Laura Kalbag

Learning Design

Every now and again someone will email me asking how they should go about learning design. After reading Aral Balkan’s fantastic post on how design is not veneer, a few developers also expressed frustration at there not being many resources telling you how to get started with design. So I thought I’d post a few of my favourite links, books and ways of approaching design.

First off, read Aral’s post. It might seem intimidating. Aral emphasises the importance of considering every tiny design decision you make. There’s no easy-in. But really there’s no easy-in to doing anything well. Development might appear to be something with a low barrier to entry, but in order to do development with web standards, or to any level of efficiency, you need to take the time to learn the best techniques and working processes.

Considering every tiny design decision might also make design seem like a much more arduous process than it needs to be. In truth, if you are considering your users, their experience, and your overall design vision in the back of your mind, every decision you make whilst designing will be considered. It can feel somewhat subconscious at times. If you have the ‘feeling’ that your choice of typography suits the project, then chances are, if you analyse the cognitive and emotional impact on the user, you’ll find your subconscious actually made those decisions for a reason. Design isn’t instinct. This ‘instinct’ is really something that we’ve built up from the experience of millions of different design decisions, and evaluating their success and failure.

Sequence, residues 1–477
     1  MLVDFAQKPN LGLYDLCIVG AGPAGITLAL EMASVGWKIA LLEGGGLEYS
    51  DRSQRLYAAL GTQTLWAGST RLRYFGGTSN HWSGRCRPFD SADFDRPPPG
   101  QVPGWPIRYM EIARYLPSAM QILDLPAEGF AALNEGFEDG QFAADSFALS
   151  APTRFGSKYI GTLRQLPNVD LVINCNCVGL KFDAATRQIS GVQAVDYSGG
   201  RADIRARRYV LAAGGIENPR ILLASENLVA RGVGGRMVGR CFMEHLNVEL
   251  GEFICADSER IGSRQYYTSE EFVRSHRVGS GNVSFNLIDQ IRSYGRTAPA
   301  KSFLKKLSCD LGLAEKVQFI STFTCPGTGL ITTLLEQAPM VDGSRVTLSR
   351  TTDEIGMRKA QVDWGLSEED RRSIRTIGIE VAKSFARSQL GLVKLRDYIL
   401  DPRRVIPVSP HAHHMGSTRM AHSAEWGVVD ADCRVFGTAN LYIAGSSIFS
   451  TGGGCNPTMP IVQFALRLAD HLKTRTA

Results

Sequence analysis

Learning how to design

Design is a pretty tricky thing to just ‘learn’; it doesn’t happen overnight. Following a tutorial on how to create a photo-realistic SLR camera in Photoshop is about as useful as following a tutorial on how to create an SLR camera in CSS; it teaches you how to use the tools but not about why you’d want to use an SLR camera illustration in your design. The best thing is to try as many different design tasks as possible to test yourself and gain experience on what does and doesn’t work. I also find looking at other people’s design work and considering its effectiveness really helps develop an understanding of design principles in relation to your own personal taste. This is what a lot of art and design education is built around; interpreting and understanding the work of other people. Blog posts where people tell you about their inspiration and how they designed their sites are the best sources for this kind of learning as you get real insight into the decisions of the designer.